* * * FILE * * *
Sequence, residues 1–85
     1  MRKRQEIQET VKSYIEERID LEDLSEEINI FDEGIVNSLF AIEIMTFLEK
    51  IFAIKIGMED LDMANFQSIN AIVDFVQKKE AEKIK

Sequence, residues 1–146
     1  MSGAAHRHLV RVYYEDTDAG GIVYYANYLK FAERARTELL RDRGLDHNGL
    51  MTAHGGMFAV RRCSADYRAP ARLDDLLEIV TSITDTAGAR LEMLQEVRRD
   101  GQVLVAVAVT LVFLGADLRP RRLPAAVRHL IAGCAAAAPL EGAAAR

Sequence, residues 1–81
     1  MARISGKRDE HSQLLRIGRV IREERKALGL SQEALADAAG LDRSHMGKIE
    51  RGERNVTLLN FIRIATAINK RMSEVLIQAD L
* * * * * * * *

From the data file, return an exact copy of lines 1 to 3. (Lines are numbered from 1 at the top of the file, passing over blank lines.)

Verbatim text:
Sequence, residues 1–85
     1  MRKRQEIQET VKSYIEERID LEDLSEEINI FDEGIVNSLF AIEIMTFLEK
    51  IFAIKIGMED LDMANFQSIN AIVDFVQKKE AEKIK